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Since the Israeli withdrawal from South Lebanon, in full compliance with Security Council resolution 425 (1978) and with full respect for the Blue Line as determined by the United Nations, the village of Rajar remained divided, the north being the territory of Lebanon and the south being the territory of Israel.
In order to permit residents of the village to continue with normal daily life, and in accordance with their specific request, Israel agreed to refrain from building a security fence in the area of the Blue Line that cut through the village. This was a purely humanitarian gesture.
The gap between Israel’s legitimate need to secure its northern border, and the desire to address the humanitarian needs of the residents of Rajar and avoid dividing the village, has created a complicated dilemma with obvious implications.
Against this background, the Secretary-General’s special representative, Terje Larsen, has worked with all the relevant actors in the region in order to preserve the agreed status quo that would prevent people from entering the village from the north. The presence of the United Nations Interim Force in Lebanon (UNIFIL) at the Abasiyah checkpoint has maintained this status quo by controlling the northern pathway entering the village.
On 4 August 2001, UNIFIL evacuated their position at the Abasiyah checkpoint. As a result, the path to Rajar is now open to Hizbullah terrorists. The day before, on 3 August 2001, Israel had warned the Department of Peacekeeping Operations of the impending danger to the status quo. After the evacuation, upon identifying Hizbullah activity in the area, including the removal of a section of fence north of the village and the beginning of construction of a Hizbullah outpost at the approach to the village, Israel again turned to the United Nations, which is responsible for the maintenance of the status quo and which was instrumental in its establishment, and requested that it act immediately to return the situation to what had existed previously.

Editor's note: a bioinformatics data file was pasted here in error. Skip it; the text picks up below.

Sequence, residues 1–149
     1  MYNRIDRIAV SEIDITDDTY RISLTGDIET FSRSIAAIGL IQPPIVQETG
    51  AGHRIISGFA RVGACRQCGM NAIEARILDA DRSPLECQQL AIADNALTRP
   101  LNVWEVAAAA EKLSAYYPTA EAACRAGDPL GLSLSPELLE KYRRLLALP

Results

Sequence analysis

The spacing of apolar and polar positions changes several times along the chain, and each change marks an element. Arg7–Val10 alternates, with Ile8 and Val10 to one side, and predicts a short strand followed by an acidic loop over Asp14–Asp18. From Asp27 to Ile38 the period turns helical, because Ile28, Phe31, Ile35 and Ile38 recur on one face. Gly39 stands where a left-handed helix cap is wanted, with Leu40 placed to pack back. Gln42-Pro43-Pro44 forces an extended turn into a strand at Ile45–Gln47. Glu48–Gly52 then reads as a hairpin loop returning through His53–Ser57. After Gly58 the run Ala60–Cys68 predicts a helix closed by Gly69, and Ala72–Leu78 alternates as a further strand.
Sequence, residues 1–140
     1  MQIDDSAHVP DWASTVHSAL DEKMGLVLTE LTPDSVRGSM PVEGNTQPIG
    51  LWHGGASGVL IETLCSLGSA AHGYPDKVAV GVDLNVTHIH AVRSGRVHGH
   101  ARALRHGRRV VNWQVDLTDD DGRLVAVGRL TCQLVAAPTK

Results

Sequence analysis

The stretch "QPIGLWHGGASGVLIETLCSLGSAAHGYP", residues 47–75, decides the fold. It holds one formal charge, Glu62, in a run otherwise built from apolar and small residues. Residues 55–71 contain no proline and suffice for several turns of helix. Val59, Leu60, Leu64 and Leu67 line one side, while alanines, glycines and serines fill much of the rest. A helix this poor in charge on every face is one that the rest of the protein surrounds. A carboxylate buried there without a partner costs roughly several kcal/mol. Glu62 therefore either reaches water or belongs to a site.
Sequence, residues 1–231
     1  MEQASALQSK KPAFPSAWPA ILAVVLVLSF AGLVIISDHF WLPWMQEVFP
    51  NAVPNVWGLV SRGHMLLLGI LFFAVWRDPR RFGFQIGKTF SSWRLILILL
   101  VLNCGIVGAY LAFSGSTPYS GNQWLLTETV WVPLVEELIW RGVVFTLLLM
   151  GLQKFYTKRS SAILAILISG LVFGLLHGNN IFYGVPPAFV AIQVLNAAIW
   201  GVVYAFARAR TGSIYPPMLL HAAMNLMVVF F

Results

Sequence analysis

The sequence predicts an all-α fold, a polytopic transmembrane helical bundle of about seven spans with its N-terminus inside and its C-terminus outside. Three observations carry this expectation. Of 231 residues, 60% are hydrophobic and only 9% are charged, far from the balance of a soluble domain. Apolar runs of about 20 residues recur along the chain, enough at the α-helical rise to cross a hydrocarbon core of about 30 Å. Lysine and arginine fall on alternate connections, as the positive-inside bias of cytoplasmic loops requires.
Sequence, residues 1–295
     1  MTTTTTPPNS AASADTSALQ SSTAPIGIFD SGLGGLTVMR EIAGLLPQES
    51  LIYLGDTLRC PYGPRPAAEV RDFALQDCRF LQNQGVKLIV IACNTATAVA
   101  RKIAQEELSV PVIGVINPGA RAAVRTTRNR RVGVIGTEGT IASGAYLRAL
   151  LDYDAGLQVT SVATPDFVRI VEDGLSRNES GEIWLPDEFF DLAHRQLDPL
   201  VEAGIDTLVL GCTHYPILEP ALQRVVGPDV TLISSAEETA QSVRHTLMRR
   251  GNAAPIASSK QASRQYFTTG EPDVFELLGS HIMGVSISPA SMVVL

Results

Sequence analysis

Our contacts with the United Nations included conversations between Foreign Minister Peres and the Secretary-General, conversations between our representatives to the United Nations and Assistant Secretary-General Annabi and other relevant individuals in the Department of Peacekeeping Operations, conversations between representatives of the Israel Defense Forces and their counterparts in UNIFIL, and contact with the Secretary-General’s representative to Lebanon, Staffan de Mistura, who visited the area and met with residents of the village.
Israel has made it abundantly clear that it cannot accept a situation in which its border is permeable to acts of terror without being able to take action to prevent them. We call upon the United Nations, as the body responsible for securing the Blue Line and UNIFIL, as the body mandated by resolution 425 (1978) to ensure peace and security in the area, to return and control the Abasiyah checkpoint, to establish a new outpost at the northern approach to the village of Rajar (opposite the outpost built by Hizbullah) and to enable the repair of the northern fence.
We once again request that understandings, achieved in our various contacts with the United Nations, be implemented in the field, namely the presence of UNIFIL at the Abasiyah checkpoint, the undertaking of activity vis-à-vis the Government of Lebanon in order to establish a new UNIFIL outpost, and the creation of conditions appropriate to the fixing of the northern fence.
Circumstances that have arisen pose a clear and present danger to the security of Israeli soldiers and civilians. Israel is obligated to respect the Blue Line as established by the United Nations, but it cannot abrogate its commitment, first and foremost, to the security of its citizens.
I should be grateful if you would arrange to have the text of the present letter circulated as a document of the Security Council.